just my .02
    d
    Last edit by gaspassah on Feb 15, '05 : Reason: content
  11. by   Mana_Tangata
    Quote from yoga crna
    Mana,
    I am sorry that you had recall and hope that you will receive the answers you are seeking.

    Recall is very rare in anesthesia, but it does receive a lot of press when it happens because it can be so horrific.

    Unfortunately, you will probably never know exactly what happened and trying to analyze the anesthetic record for the answers are going to be futile. For the future, I would be sure to tell the anesthetist of your prior experience and ask for special attention be given to it not happening again. I would give you an amnesic, such as midolazam, plenty of analgesics (depending on the type of surgery) and a lot of hand holding. I don't use a BIS monitor and agree with the majority of anesthesia providers around the world that it is not necessary to prevent or diagnosis recall. I hope you are not a shill for the Aspect Co. who market the device. I am very paranodid these days.

    By the way, the anesthesia technique that you listed seem to be appropriate. It is very difficult to judge another person's anesthesia technique, without more information or being there.

    Yoga

    I am not an attorney or a shill for Aspect. I'm not sure that I want to get this discussion, but the first thing my anesthesiologist said regarding the incident was that a BIS monitor would not have helped me. While I've been doing research I've come across an amazing animosity towards Aspect, it seems like they have really pissed people off. As a patient, I have to say that I don't really care.

    I agree that I probably won't find answers in my anesthesia record. I have to say for all of you out there, though, that it matters. When I looked at mine and saw that my anesthesiologist had converted my weight from lbs to kgs wrong, transcribed my temperature at intake wrong, gotten the medications that I was currently on wrong, as well as the date/time wrong, it was pretty depressing. For all I know he gave me the best of care possible, maybe something he did saved my life, but when I see all the mistakes on my record it makes me feel like I was as important as a hamburger patty at McDonald's.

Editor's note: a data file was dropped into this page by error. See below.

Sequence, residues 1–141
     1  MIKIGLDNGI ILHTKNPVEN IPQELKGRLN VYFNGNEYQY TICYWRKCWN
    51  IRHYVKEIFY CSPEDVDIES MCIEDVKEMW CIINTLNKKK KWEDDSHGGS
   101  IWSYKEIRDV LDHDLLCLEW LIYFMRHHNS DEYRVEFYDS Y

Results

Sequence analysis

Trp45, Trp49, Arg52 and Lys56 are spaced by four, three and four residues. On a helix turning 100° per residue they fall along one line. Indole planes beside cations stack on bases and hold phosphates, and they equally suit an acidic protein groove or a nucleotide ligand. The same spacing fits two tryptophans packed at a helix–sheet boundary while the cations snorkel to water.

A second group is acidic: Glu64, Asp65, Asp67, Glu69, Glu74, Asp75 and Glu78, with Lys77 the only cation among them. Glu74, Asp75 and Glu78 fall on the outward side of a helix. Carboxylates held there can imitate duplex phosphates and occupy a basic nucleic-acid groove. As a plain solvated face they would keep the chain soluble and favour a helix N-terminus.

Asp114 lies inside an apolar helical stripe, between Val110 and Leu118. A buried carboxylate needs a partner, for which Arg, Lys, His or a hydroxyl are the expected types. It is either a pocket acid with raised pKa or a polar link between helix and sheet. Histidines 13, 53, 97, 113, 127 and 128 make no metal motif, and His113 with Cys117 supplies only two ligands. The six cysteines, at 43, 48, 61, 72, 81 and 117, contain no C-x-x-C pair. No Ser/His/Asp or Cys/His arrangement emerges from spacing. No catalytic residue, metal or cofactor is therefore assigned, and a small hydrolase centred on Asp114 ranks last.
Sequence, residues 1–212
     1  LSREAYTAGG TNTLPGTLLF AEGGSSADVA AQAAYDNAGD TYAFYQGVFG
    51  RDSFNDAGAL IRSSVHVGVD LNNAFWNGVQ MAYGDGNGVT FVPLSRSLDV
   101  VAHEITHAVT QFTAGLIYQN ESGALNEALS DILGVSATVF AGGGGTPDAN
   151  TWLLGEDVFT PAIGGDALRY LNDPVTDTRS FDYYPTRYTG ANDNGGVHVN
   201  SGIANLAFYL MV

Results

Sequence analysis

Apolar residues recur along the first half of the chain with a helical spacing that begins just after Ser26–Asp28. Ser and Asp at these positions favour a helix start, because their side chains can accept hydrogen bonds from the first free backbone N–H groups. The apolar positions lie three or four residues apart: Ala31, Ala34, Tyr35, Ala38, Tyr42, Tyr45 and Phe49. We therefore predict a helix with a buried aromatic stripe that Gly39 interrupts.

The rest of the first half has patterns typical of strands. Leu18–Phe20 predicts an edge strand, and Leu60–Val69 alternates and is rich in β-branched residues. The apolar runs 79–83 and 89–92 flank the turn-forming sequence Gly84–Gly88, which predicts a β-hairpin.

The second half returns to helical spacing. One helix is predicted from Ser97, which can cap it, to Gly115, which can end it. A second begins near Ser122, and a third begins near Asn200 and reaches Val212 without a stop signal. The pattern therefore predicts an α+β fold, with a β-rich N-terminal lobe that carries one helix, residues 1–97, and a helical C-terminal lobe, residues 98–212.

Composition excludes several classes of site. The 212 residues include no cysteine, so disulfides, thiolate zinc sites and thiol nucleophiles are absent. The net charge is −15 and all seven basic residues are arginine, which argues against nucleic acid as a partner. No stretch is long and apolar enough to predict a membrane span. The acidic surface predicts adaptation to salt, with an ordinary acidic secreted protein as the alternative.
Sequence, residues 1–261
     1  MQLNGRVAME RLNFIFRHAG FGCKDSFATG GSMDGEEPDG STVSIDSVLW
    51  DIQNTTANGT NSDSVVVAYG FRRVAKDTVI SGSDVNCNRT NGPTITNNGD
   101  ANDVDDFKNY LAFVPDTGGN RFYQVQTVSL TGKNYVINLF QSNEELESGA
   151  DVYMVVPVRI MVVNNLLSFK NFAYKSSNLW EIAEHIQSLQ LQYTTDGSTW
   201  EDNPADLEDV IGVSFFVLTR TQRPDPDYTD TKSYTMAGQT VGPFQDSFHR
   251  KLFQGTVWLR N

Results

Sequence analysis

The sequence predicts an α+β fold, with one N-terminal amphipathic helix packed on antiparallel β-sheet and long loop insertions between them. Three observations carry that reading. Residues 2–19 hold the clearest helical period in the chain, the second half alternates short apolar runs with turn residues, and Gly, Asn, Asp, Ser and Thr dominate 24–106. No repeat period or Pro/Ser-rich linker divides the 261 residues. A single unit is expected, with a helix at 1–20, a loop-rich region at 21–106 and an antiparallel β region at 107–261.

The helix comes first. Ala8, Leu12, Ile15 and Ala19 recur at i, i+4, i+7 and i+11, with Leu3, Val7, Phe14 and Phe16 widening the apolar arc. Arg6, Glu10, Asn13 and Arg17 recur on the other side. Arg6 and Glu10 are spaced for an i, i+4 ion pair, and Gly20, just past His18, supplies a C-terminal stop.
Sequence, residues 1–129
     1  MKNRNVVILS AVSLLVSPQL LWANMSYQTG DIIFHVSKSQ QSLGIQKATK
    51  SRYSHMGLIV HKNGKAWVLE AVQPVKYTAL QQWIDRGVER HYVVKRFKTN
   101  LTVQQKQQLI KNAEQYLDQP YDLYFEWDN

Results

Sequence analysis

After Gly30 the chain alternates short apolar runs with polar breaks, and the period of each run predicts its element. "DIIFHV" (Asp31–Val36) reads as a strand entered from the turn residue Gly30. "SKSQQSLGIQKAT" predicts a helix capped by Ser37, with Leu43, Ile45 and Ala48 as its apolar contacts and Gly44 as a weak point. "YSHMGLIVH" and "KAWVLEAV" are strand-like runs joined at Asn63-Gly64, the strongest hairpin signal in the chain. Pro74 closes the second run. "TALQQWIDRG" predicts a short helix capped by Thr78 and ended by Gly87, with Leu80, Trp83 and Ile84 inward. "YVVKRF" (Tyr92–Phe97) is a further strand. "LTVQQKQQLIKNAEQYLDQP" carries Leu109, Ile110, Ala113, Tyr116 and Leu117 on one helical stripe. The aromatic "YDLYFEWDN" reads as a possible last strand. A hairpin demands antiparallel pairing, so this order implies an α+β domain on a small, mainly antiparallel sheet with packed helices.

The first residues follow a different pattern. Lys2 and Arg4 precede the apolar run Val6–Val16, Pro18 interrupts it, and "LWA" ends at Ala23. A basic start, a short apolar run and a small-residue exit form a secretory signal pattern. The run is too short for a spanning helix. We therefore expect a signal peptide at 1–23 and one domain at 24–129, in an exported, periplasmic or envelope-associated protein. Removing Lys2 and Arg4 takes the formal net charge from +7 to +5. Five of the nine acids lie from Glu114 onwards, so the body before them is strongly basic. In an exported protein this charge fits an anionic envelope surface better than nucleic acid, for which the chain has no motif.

12. by   gaspassah
    mana i do feel for you and your experience i hope you didnt take my post as offensive as it wasnt meant to be. it appears you may have hit the nail on the head without realizing it see below. wouldnt exude much confidence in my opinion.

    When I looked at mine and saw that my anesthesiologist had converted my weight from lbs to kgs wrong, transcribed my temperature at intake wrong, gotten the medications that I was currently on wrong, as well as the date/time wrong,
  13. by   DutchgirlRN
    I just saw a story on the news about this today. It seems that Centennial Medical Center here in Nashville is going to be the first one in the country to have some type of equipment that tells the anesthesia what's going on with the brain. What they said is that the patients brain wakes up but the body doesn't so you can't do anything, say anything or move anything. Sounded really scary to me, I'm sorry you had to go through that. They said it's usually caused by either too low of a dose of anesthetics or not the proper combination of them. I'll look for something in the paper about it.
    Last edit by DutchgirlRN on Feb 15, '05
  14. by   DutchgirlRN
    WHAT IS ANESTHESIA AWARENESS?


    Anesthesia Awareness, or intra-operative awareness, is perhaps the most helpless and terrifying feeling in the world. It occurs when one is supposed to be completely asleep under full general anesthesia, but the brain is not asleep. Usually your body is paralyzed; you have a tube down your throat; you can't speak or move to alert the doctors that you are awake. If you do manage to move, as I did, the usual response from the anesthesiologist is to simply administer another dose or doses of paralytic drug; not considering the possibility that the patient is awake.


    I'VE NEVER HEARD OF ANESTHESIA AWARENESS. WHY NOT?


    It's one of the best-kept secrets in anesthesia, and one of the least-known phenomena in the medical or legal fields in general, yet recent studies indicate awareness is reported 100 times per working day, and we know that under-reportage may be as much as a third. Pediatric cases may occur 4-6 times as often. Those figures work out to 20,000 - 40,000 times per year! The anesthesia community is in deep denial of the number of times intra-operative happens, denies patient reports of the problem, fails to make the occurrence known to the surgeon or other hospital caretakers, and grossly underestimates extent and the length of the after-effects of anesthesia awareness.


    WHAT CAUSES ANESTHESIA AWARENESS?


    In my opinion, the most prevalent cause of anesthesia awareness is lack of care and attention on the part of the anesthesiologist. In a 1999 syndicated radio interview the President of the American Society of Anesthesiologists admitted that "drugs are sometimes mislabeled or administered in the wrong order, and tanks do run dry."
    Patients seldom get to meet their anesthesiologist more than five minutes before surgery; they have no choice of doctors or any chance to check out credentials or even know whether the person administering anesthesia is an M.D. or nurse anesthetist; or whether he/she will be monitoring only your surgery, or several other surgeries at the same time. Patients are rarely told whether they will be paralyzed, or if and what type of monitors will be used to determine the level of consciousness of the patient.